They started with two worlds – one social influence, one independent. In the social influence world participants got information about the ranking and rating and number of downloads for each song. In the independent they got none. Roughly, then, if you let the site run for a while, the independent list gives you a sense of the appeal of each song without social influence. They use appeal rather than quality because they thought it was a bit strange talking about quality when it comes to cultural products.
Once the ranking seemed stable, they created two alternative worlds – both of them inverted. That is, the top song from the social influence condition received the ranking and rating of the bottom song, and vice versa. What happened? Well the easiest result comes from a simple graph where they map how the number of downloads of the top and bottom songs increase, as more and more participants join. In the original world, you see a steady increase in downloads for the top songs and virtually no increase in downloads for the bottom songs.
What happens once you invert the ranking for the social influence condition though? There is a rapid boost in downloads for what once were the bottom songs although the increase is not as steep and steady as in the unchanged world. But there is another curious effect.
The down-loads for the lowest ranked song (remember, that was the most popular song in the original world) start increasing, as more participants join. What could have happened? Well, we don’t know quite know, but here is a plausible scenario. You join the group right after the inversion (you don’t know this though). You check out the top ranked song. It is kinda “meh”. At some point early on you also go to the bottom of this (why not?), check out that one, and discover it is nice. Nicer than the top song. So, you download it. New joiners will notice this and check out the bottom song, and slowly the rankings will change. As more participant join, they discover the bottom song, and start downloading it. Social Proof matters, but so does appeal. Maybe it is wiser to hold the Payola.
In their next paper, Salganic and Watts asked the question – if we could run the world over again, would kids plaster their walls with posters of One Direction?
They used 48 songs again, but this time participants were randomized into one of 9 worlds. As before, one with no ranking or social feedback, and 8 social influence worlds. The top hit was different for each of the social influence world. In a parallel world, my daughter and her friends would still moon over boy-bands, but it might not be One Direction. But, is this peculiar to the young set? This is, after all, the time when music tastes seem to coalesce and then stay, and the participants in the first experiment were mostly in the 18-34 age. But no! Even us more jaded folks seem susceptible to social influence. When they tested a set of older participants (63 % were over 35) similar patterns emerged.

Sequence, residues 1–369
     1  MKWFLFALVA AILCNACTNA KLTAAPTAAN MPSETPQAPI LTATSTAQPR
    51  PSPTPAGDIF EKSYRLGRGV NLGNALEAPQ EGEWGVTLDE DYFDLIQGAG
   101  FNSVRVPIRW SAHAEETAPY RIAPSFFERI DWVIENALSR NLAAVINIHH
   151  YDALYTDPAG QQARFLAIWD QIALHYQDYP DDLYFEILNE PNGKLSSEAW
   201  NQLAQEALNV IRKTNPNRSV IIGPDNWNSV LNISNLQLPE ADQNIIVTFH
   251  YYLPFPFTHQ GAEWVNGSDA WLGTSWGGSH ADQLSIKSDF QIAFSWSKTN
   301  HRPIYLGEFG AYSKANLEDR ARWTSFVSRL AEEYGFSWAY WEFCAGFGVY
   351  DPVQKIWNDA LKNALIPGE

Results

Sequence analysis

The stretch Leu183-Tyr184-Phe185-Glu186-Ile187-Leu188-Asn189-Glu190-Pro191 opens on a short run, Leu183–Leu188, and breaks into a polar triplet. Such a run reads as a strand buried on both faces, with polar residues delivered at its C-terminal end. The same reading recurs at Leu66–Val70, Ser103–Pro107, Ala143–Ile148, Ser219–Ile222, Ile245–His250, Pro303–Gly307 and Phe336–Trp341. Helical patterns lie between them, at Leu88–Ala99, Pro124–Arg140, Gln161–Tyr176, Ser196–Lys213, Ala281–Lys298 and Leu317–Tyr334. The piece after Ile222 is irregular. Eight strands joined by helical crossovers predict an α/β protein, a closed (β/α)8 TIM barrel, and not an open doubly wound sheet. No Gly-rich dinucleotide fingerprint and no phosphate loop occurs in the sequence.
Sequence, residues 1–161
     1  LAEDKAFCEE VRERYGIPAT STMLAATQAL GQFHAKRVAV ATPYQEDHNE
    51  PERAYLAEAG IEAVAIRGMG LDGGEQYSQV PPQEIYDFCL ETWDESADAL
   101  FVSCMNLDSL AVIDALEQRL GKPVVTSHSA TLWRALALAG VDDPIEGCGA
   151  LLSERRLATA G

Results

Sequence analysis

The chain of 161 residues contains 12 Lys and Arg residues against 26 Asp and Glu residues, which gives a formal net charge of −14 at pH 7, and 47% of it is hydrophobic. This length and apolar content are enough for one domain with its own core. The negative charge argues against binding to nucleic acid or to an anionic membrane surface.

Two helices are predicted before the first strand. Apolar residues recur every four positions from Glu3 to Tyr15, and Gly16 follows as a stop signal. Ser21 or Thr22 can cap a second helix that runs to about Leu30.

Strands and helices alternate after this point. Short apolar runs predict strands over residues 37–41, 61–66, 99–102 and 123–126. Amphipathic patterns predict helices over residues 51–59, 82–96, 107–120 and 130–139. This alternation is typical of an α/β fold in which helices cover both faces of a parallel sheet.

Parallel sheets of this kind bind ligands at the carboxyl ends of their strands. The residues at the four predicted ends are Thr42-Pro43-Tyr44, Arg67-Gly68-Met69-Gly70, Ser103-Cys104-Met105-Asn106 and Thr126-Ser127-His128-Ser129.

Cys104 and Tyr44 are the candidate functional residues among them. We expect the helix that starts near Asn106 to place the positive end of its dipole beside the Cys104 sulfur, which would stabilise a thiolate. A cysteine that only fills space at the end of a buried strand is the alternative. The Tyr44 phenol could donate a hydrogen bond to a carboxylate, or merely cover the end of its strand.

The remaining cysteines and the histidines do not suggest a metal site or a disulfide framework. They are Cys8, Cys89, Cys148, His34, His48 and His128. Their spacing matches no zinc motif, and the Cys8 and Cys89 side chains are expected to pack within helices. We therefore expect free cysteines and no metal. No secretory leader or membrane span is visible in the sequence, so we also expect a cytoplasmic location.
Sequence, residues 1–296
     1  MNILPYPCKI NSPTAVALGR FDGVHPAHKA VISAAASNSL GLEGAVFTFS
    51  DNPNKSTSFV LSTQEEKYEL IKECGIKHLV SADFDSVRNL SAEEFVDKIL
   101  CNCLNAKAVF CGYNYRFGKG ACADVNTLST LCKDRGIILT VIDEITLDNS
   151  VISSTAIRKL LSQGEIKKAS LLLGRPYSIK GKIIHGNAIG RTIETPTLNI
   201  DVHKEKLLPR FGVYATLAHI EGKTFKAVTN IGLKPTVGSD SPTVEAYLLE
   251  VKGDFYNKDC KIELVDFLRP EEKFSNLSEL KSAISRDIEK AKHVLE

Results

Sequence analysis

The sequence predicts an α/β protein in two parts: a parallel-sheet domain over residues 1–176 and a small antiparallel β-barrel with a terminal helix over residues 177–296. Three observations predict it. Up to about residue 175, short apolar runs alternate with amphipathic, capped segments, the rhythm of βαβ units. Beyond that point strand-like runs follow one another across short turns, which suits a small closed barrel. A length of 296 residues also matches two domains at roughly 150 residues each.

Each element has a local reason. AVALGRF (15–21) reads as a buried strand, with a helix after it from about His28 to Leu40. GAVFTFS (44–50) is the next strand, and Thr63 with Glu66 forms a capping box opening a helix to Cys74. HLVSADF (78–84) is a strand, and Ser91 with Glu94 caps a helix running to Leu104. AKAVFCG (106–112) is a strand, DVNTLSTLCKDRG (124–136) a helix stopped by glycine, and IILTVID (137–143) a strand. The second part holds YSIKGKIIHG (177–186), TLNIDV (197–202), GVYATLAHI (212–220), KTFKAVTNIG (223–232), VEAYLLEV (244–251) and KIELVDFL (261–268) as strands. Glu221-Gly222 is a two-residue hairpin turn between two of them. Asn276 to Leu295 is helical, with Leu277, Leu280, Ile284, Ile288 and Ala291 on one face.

Makes the lives of R & D people difficult. In fact, all developers of new stuff. You just can’t predict, with any precision, what will be the next thing. The best you can do is try to get rid of the obvious duds.
So let’s round off. Right around when I started the papers I described here, I listened to an interview on Econ Talk with Steve Meyers who has worked long in R & D at Capitol Records. (Go listen, it is great.) His experience really illustrates what these papers show – predicting hits and stars ahead of time is hard. http://www.econtalk.org/archives/2010/03/meyer_on_the_mu.html
I’ve mostly summarized Salganik & Watts papers from memory. But, below are the references (likely behind paywalls).
Also, I’ve adapted this from a post on my own blog from last year. You can find it here. http://asehelene.wordpress.com/2013/05/31/music-social-proof-appeal-and-...
Salganik, Matthew I., & Watts, Duncan J. (2009) Web-Based experiments for the study of collective social dynamics in cultural markets. Topics in Cognitive Sciences, 1, 439-468.
Salganik, Matthew J. & Watts, Duncan J. (2008) Leading the herd astray: An experimental study of self-fulfilling prophecies in an artificial cultural market. Social Psychology Quarterly, 71, 338-355.